Link Posted: 8/14/2007 2:22:11 AM EDT

Originally Posted By Garand_Shooter:
An interesting comment I hear from a lot of local LEO's is how they always make sure to never get a perfect score, because they don't want it to be held against them if they are involved in an accidental shooting of some sort, be it a missed target of ND.

I think its mostly a BS excuse to make up for missed shots, but around here at least some seem to think a history of perfect qualifications can hurt them some day in court.


we used to keep scores. then there was a civil suit in which one of the officers who shot the BG had always shot perfect scores in qualification. The BG family claimed that since the cop was documented as such an outstanding shot he could have simply shot the gun out of the BG hand. The jury agreed and awarded the BG family a large judgement. After that many agencies went to a simple pass fail with no recordeded score.
Link Posted: 8/14/2007 2:25:47 AM EDT

Originally Posted By tc556guy:

Originally Posted By sherrick13:
You are correct most gunfights are short but,
A couple of years ago we had a guy in our city shooting people with an M1. He was taken out with a 65 yard pistol shot.

I was in favor of keeping the 2 50 yards shots during quals. Oh well.

Can you give some more details? I'm always looking for any stories about officer-involved shootings. Geography of shooting area, did responding officers have access to long guns on scene, etc.There was the case of the USAF guy a few years ago who took a 100 yard shot with his M9 to take out a guy wielding an SKS shooting people on base, but such incidents are really rare. Our guys carry shotties, supervisors carry rifles, and I wouldn't expect them to use the handgun at that distance as primary weapon if they had access to the long gun.


IM inbound
Link Posted: 8/14/2007 3:11:56 AM EDT
Link Posted: 8/14/2007 3:33:26 AM EDT
[Last Edit: 8/14/2007 3:55:02 AM EDT by MCBallpeen]
Revolver,

Six shots, 7 yards, low light (welding goggles) - No score, just for familiarzation.

Six shots, 15 yards, low light (welding goggles) - No score.

Six shots standing, strong hand, 3 yards, reload, six shots, weak hand - 60 points for all shots in the gray area of target, 30 second time limit.

Six shots standing, strong hand, seven yards, reload, six shots weak hand seven yards - Score 60 points, 30 second time limit.

Six shots standing, strong hand, 15 yards, reload, six shots strong hand standing - score 60 points, 45 second time limit

Six shots kneeling strong hand, 15 yards, reload, six shots strong hand kneeling - score 60 points, 45 second time limit.

All shooting double action on S&W model 65 revolvers using standard duty load, 38 Special 158 grain lead round nose.

Total score 480 points. 70% or better to pass. Pathetic, isn't it?

Shotgun,

Four shots rifled slugs, 15 yards

Four shots rifled slugs, 25 yards

70% hits to qualify.

The only time we are to use rifled slugs is during qualification. On duty, the load is #4 buckshot. 00 if you are the Elite C.E.R.T. The DOC doesn't want us to use too much deadly force when we're using deadly force.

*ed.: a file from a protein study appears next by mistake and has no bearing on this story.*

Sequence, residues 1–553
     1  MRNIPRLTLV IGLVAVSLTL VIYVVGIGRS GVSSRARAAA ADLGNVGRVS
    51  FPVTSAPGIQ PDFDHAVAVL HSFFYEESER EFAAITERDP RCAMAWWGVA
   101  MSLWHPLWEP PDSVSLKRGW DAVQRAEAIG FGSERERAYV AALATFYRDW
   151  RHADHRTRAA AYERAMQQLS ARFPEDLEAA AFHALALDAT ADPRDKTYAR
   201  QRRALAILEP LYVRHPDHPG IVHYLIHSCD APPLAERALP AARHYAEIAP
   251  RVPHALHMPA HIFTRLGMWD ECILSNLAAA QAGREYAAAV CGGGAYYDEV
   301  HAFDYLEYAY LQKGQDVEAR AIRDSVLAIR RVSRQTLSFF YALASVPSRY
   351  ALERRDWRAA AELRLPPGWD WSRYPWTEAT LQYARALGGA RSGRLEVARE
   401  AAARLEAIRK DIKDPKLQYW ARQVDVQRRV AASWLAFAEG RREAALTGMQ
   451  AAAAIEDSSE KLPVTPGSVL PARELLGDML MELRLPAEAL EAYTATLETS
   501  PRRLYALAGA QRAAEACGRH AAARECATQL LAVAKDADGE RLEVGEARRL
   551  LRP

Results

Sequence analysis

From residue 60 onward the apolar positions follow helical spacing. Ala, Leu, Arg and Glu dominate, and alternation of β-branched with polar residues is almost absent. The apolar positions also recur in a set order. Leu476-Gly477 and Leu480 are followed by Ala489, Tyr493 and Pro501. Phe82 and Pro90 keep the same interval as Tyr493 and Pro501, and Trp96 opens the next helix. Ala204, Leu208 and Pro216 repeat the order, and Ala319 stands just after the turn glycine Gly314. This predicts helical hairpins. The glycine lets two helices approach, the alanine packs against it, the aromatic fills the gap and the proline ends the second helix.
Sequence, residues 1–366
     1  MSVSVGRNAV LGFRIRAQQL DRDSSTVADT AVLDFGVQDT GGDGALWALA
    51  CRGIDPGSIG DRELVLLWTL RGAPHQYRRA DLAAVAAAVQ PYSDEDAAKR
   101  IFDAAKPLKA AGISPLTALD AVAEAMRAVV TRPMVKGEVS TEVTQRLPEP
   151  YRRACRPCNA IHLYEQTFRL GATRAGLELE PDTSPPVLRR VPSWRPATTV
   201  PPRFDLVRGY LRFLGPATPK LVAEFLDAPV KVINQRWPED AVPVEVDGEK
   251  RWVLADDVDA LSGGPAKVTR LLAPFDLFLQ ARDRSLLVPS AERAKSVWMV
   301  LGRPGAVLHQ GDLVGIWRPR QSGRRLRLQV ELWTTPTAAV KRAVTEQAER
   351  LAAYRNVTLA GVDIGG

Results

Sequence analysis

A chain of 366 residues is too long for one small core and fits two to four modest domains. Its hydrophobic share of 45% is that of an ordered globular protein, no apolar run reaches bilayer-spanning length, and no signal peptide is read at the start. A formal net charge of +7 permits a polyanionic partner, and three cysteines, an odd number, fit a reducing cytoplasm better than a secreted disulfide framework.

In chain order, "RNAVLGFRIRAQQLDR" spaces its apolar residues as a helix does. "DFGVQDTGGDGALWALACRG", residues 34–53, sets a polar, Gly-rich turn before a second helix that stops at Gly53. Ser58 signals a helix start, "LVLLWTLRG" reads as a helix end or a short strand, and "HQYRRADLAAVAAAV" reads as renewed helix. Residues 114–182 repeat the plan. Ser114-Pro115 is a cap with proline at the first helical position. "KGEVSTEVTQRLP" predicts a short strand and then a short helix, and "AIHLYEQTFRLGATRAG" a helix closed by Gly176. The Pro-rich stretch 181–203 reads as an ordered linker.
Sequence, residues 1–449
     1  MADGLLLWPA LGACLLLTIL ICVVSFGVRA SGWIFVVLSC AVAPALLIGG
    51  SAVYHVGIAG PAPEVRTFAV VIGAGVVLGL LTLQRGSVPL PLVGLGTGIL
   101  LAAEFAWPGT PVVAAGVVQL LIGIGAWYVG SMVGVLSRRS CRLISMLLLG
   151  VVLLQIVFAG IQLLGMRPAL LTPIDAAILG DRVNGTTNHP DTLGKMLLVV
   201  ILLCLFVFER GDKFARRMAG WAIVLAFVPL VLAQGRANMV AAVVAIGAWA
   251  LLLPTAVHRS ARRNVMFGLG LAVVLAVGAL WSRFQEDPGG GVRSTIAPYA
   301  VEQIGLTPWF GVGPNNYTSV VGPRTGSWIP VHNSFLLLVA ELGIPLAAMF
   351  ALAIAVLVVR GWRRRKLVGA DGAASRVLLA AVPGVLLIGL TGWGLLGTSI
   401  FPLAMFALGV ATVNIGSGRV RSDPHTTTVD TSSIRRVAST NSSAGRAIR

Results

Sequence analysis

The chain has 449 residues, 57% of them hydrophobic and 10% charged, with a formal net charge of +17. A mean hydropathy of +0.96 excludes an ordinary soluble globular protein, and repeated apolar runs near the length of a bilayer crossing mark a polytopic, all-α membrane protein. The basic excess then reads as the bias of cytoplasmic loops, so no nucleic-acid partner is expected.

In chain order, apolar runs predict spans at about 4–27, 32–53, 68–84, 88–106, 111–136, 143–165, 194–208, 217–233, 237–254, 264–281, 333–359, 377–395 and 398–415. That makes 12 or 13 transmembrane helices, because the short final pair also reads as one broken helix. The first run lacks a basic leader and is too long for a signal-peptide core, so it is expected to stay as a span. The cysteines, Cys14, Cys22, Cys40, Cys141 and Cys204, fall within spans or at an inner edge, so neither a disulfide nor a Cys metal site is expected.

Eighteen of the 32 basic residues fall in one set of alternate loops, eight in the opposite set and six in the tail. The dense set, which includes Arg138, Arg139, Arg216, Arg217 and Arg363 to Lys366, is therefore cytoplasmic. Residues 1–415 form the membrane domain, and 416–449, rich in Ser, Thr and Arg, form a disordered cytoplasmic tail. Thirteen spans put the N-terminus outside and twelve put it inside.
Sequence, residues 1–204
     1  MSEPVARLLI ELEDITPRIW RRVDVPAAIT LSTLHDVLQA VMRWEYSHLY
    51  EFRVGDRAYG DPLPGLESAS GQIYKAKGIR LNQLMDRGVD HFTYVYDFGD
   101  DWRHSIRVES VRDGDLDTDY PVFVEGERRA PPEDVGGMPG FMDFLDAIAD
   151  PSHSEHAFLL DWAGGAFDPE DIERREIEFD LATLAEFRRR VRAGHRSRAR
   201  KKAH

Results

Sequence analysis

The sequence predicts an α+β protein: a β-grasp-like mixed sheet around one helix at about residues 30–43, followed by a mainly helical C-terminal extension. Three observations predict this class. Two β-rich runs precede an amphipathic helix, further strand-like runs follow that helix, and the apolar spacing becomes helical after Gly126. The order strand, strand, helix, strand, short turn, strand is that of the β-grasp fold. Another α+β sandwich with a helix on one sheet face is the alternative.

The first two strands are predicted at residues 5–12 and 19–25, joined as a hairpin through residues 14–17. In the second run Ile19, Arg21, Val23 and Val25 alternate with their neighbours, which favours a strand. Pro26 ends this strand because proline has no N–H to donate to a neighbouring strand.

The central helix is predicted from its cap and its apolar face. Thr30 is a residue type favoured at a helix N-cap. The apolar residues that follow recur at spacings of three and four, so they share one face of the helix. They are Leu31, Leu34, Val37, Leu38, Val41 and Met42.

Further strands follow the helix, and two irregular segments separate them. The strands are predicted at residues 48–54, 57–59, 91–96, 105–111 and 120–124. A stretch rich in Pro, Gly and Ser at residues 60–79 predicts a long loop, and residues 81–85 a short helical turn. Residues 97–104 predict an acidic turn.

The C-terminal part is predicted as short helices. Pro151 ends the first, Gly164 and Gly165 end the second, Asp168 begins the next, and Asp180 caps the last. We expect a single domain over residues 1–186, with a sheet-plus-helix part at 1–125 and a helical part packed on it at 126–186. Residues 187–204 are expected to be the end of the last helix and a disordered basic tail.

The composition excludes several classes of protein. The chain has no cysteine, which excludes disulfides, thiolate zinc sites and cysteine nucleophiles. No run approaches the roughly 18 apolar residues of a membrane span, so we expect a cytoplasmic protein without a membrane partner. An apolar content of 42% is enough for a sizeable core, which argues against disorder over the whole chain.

Rifle,

Five shots, bench rest, 100 yards reload five shots, bench rest, 100 yards - score 100 points.

Five shots, prone, 100 yards, reload, five shots, prone, 100 yards - score 100 points.

Five shots, kneeling 50 yards, reload, five shots, kneeling 50 yards - score 100 points.

Five shots, standing hasty sling, 50 yards, reload, five shots, standing no sling, 50 yards - score 100 points.

The rifle is a Remington Model seven in .223 with a 3x9 scope. Ammo is American Eagle 55 grain FMJ. Here's hoping that the DOC doesn't figure out that this round could fragment.
Link Posted: 8/14/2007 5:01:26 AM EDT

Originally Posted By Combat_Jack:
BTW, Department of Energy nuke couriers can straight up shoot. And thats a fact.


Yup.

I've trained with a few glow worms, and they were exceptionally good with their guns. You should see them run a rolling point building clearing exercise...it's like poetry in motion.
Link Posted: 8/14/2007 6:08:18 AM EDT

Originally Posted By John_Wayne777:

Originally Posted By Combat_Jack:
BTW, Department of Energy nuke couriers can straight up shoot. And thats a fact.


Yup.

I've trained with a few glow worms, and they were exceptionally good with their guns. You should see them run a rolling point building clearing exercise...it's like poetry in motion.


When I was going through WMD first responder training we did a section on those guys. They are bad ass.
Link Posted: 8/14/2007 6:14:04 AM EDT

Originally Posted By John_Wayne777:

Originally Posted By Combat_Jack:
BTW, Department of Energy nuke couriers can straight up shoot. And thats a fact.


Yup.

I've trained with a few glow worms, and they were exceptionally good with their guns. You should see them run a rolling point building clearing exercise...it's like poetry in motion.


All depends on who you get from DOE. The group I trained with had 1 guy that was good with a carbine and pistol. The rest left much to be desired.
Link Posted: 8/14/2007 6:27:15 AM EDT
I agree that qualifications for LEO's should be tougher.

But, I have seen other BOS treat their duty sidearms like a carpenter treats his hammer. AS a TOOL, not as THE instrument to save their lives.